Have a great day.

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#18
In reply to #12

Re: Drilling and tapping of brass / bronze

07/11/2008 12:59 PM

Too true! Brass goes a lovely pale greenish blue color in a salt atmosphere. Eventually it all goes away. Phosphor bronze merely darkens to a rich brown, and this patina protects it from further corrosion. I also second the protective grease.

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#13

Re: Drilling and tapping of brass / bronze

07/11/2008 6:35 AM

If you plan on switching to other metals for your application, I would recommend checking out a table of the galvanic series. It provides goodd data; some of which is what metals NOT to use in a corrosive atmosphere; like don't use brass and alumimum together. Makes a little battery of them that will eventually corrode away.

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#16

Re: Drilling and tapping of brass / bronze

07/11/2008 8:30 AM

I guess I just am not getting it here. Why are we tapping Bronze?

Use any number of concrete anchors (per OP's statement of building materials) drill THROUGH the shutter for a clearance of anchor bolt and......voila. The bolts might need be special ordered to bronze, and as stated, threads coated with any nimber of anti-seize / anti-corrosion compounds.

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#17

Re: Drilling and tapping of brass / bronze

07/11/2008 9:45 AM

Hi,

Several fastener manufacturers make threaded product for your specific application of hurricane shutter innstallation. These fasteners are designed to be installed in any number of different construction materials (concrete, wood, steel, etc). One company is Elco Construction Products and I'm sure BiltRite also makes similar items.(http://www.elcoconstruction.com/hangermate_concrete.asp - sorry, link no longer available). They are typically sold through local distribution, but if you call their phone they will tell you the closest distributor in your area. By the way they are self tapping fasteners, but you need to have the appropriate drive socket for installation. They have been tested and certified to be corrosion resistant in a high salt air environment and approved by UL.

It would be quite a bit easier that fabricating your own, plus these are relatively easy to install. Good Luck!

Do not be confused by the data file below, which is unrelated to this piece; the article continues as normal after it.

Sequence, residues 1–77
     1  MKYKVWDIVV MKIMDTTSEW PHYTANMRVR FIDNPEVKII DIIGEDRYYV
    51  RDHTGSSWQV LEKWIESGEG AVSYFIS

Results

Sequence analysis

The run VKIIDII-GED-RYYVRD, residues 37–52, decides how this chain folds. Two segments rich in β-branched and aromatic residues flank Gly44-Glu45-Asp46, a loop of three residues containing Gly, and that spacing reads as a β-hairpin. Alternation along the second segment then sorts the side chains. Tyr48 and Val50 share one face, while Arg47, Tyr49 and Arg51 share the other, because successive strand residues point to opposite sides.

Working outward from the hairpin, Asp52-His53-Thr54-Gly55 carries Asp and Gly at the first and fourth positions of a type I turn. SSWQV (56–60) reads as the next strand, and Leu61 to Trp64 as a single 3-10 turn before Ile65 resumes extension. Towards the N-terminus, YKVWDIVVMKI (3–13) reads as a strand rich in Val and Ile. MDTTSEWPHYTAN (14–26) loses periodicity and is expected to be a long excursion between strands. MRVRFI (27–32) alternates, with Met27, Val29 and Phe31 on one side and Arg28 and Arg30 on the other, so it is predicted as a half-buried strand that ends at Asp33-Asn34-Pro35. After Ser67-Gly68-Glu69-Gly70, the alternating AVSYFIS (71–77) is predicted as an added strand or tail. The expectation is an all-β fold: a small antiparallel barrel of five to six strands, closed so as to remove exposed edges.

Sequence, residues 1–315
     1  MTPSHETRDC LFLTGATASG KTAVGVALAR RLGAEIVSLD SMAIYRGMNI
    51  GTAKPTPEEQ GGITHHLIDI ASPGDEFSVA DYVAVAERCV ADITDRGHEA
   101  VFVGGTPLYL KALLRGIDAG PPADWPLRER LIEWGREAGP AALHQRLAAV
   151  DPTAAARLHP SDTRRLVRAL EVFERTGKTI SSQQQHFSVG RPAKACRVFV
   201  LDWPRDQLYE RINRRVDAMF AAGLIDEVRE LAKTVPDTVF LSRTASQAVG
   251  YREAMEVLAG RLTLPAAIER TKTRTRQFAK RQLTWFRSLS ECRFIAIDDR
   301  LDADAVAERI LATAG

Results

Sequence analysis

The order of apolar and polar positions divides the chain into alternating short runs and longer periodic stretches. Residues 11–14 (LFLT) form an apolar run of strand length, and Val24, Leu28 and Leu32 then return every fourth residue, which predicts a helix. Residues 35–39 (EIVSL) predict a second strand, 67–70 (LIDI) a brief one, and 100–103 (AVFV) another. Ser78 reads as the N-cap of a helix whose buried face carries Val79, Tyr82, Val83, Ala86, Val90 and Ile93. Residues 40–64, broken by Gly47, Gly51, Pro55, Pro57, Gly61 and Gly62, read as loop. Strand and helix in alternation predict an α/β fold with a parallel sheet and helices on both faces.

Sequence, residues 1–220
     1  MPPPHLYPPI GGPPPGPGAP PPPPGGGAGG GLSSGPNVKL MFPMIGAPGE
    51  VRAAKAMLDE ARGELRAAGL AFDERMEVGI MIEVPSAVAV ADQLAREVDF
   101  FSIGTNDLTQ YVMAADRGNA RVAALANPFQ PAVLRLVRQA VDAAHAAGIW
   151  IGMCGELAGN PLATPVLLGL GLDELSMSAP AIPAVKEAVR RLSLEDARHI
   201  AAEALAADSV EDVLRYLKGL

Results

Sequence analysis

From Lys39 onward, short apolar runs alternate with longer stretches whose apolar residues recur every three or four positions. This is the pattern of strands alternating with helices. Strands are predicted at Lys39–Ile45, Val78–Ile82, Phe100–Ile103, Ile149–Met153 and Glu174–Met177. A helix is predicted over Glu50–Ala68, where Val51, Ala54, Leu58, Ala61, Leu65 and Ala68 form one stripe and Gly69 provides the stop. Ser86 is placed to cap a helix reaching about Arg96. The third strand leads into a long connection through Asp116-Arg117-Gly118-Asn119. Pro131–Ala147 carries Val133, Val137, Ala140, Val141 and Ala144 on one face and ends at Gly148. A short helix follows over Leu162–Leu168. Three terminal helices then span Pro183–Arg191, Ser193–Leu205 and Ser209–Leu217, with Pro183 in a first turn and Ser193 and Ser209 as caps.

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#19

Re: Drilling and tapping of brass / bronze

07/12/2008 6:52 PM

Thank you to everyone that has replied. I'm very interested in all of it even if I am successful in finding an "easy way out".

A few months ago I Googled for several hours and didn't find anything that looked quite right. With a little more Googling this time I finally found something that looks pretty good. At http://www.confast.com/products/hurricane-anchor.aspx they have a corrosion resistant, deep threaded insert that will be pretty flush with the house and allow hurricane shutters to be mounted or removed as required. The concrete threads (overgrown TapCon threads) on the outer surface should eliminate the need for epoxy. The 1/4-20 threads on the inside are "deeply tapped" so I shouldn't have critical bolt length issues. When we do not have storms I can either install sidewalk bolts (keeping the mud wasps out) or try to find decorative shutters. I need to contact them for a better data sheet, but this one looks good.

The knife thread wood inserts are VERY HANDY for wood, but trying to install them in concrete seems like more trouble than making my own inserts. The various wedge anchors and threaded stud anchors just didn't quite seem to do what I wanted, especially where I use metal panels.

In case any of you were wondering, threaded inserts with mud wasp defeating sidewalk bolts in them are only ugly on the side of a house in about 40 states. In southern coastal towns the threaded inserts look so good during hurricane preparation that you don't even notice them the rest of the year.

If anyone knows of other options I would love to hear about them.

Thanks again,

Bruce

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#20
In reply to #19

Re: Drilling and tapping of brass / bronze

07/12/2008 9:22 PM

I was envisioning glueing in the wood inserts into the concrete.

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#21
In reply to #20

Re: Drilling and tapping of brass / bronze

07/13/2008 10:54 AM

Thanks, I understood that.

But, my skill at using the special epoxy on the side of a concrete wall makes this option seem like a sticky mess. Keeping clean threads and a bit of a run-out opening in the back also were problems. Installing a temporary bolt during the gluing process seems mandatory. I was doing this with my 1.25" long, 0.5" OD "home made" inserts. I was also using tape to plug the back of the insert to keep wet glue out.

With the wood inserts I guess I could use RTV, wax or something similar to prevent the glue from either filling the threads or permanently gluing the thru-bolt to the insert. It would still be mandatory that the OD of the insert and the actual hole diameter match pretty well. Also the insert must be long enough to hold an approximate horizontal position while the glue dries.

Now that I think about it, a big glob of RTV stuck to the "installed inside end" of the insert (outside the insert) might work out well. It would keep the glue out and provide a little run-thru area for longer bolts. Also, even though I would be ripping it up pretty badly, it would probably act a little like an elastic insert or nylon insert. The bolts might be a little less likely to turn out during long periods of vibration (like a slightly loose shutter during a hurricane).

Thanks to all,

Bruce